Want a Warm House? Don’t Just Insulate, Also …

by Erik North on December 17, 2012

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Air seal! The most boring word and concept that can make all the difference in energy saving and comfort. Granted, I once said rising damp was the least interesting but important building science term, I think we can make a case for air sealing. Why is it important (and possibly more important) than just adding more insulation?

What Folks Think the Problem Is

When a house is cold and uncomfortable, the first thought is adding more insulation. This is a compelling thought for a few reasons. First, it’s a problem most homeowners can solve in a weekend. Assuming we’re talking about an open attic, a trip to the local big box for some rolls of fiberglass or a blower machine is all the solution needed.

Second, it’s a known and understood problem. The average homeowner may not have a clue about installing a fuse box or replacing the wax ring on a toilet but we all (we think) understand that more insulation = warmer.

This thinking causes a common issue: a fluffy pink fiberglass band-aid over a gaping wound that allowing heat to stream out. Folks pile on the insulation but haven’t air sealed. I’ll say this as clear as I can: Do not add more air permeable insulation until you air seal.

What The Problem Actually Is

The building enclosure has several control layers: the thermal layer (insulation), air and vapor controls. If there are paths for air to escape, your walls and ceiling are only doing a part of the job.

Attics have loads of little leaks (light fixtures, electrical penetrations, around vent fans) but sometimes have ridicously huge ones. Check out this photo.

Holes in the attic air barrier

Probably goes to the basement

The homeowners were complaining of a frigic second floor and didn’t understand given that they had a ton of fiberglass in the attic.

I had to pull back 18″ of crossed fiberglass batts to find this gaping hole. The house was built in 1797 with rough timber balloon framing. All of the interior and exterior walls were open at the top, allowing warm conditioned air to escape all winter. You could add R-100 insulation on top of the open cavity walls and it wouldn’t change things much. As long as there are giant holes in the attic floor, the insulation won’t work how you’d want.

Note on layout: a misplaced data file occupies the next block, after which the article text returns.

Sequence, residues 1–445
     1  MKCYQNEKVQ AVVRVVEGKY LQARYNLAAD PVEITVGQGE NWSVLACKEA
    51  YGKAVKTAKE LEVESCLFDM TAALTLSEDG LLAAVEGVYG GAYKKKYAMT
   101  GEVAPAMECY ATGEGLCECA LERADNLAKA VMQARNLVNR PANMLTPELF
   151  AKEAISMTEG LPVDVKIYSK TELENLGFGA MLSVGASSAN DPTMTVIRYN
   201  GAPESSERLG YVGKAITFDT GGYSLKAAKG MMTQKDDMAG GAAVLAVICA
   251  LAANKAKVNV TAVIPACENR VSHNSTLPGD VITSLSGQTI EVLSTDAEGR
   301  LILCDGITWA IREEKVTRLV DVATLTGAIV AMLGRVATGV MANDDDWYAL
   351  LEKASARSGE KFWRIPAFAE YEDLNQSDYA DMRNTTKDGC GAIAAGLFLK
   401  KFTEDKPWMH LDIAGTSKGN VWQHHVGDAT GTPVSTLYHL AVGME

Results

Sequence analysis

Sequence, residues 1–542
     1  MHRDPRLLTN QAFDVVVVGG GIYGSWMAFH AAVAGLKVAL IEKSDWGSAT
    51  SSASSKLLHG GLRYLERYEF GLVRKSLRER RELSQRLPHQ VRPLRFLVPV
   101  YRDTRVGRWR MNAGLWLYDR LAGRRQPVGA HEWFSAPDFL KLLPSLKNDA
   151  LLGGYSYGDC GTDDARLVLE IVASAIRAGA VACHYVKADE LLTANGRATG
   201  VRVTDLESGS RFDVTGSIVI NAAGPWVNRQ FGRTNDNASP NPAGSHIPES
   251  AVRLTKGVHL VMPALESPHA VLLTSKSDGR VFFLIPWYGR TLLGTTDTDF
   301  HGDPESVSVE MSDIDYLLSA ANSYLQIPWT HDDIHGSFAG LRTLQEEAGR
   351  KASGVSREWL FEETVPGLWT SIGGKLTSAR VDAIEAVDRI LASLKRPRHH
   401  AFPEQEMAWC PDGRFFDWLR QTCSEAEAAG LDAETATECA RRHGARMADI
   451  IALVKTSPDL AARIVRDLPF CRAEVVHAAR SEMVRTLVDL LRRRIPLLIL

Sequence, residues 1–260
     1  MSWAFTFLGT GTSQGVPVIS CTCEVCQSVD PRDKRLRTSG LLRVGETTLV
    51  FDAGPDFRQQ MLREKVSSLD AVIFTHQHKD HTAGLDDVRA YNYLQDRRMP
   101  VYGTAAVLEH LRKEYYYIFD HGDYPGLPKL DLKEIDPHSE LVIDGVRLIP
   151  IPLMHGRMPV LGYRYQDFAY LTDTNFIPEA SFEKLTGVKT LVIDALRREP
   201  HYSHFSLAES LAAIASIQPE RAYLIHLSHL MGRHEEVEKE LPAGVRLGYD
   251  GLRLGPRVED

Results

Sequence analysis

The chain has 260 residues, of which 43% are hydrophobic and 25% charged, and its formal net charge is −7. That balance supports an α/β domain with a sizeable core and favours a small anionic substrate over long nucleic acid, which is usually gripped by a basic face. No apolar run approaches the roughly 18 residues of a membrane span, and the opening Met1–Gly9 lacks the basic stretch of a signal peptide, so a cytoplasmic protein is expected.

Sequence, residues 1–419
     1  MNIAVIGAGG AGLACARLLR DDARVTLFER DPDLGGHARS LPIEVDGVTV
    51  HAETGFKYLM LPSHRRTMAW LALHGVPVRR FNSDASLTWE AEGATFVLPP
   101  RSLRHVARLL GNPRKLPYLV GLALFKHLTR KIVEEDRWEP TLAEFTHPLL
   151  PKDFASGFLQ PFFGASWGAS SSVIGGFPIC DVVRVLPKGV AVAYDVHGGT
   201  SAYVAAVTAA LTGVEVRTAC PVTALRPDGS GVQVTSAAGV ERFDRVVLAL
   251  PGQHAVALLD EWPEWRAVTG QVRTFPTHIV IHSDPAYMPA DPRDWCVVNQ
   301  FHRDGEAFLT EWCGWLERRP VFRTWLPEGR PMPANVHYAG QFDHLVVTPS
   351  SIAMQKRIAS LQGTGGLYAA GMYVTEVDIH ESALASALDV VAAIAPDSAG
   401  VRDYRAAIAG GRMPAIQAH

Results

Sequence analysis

Since then, the homeowners have had a contractor work through the attic, sealing the caps of the interior and exterior walls and all other penetrations through the ceiling plain. All the insulation was replaced afterward and owners reported it was waaaaay more comfortable. So remember to air seal then insulate.

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{ 6 comments… read them below or add one }

Eric January 4, 2013 at 9:10 pm

I had my home “air sealed and insulated” by a pro who, it turns out, skipped or at least skimped on the air sealing part.

A laundry chute which passed through the bathroom was still open to the attic. Hm, where’d that humidity come from up there?

And of course, once you’ve got 14″ of cellulose in the attic, it’s a lot harder to do the air sealing that should have been done beforehand. That stuff is hard to push around, it doesn’t stay put. :)

If I had it to do over again I’d have grilled the contractor about exactly what they planned, to be sure they did it right. It’s a shame when even the “pros” get it wrong!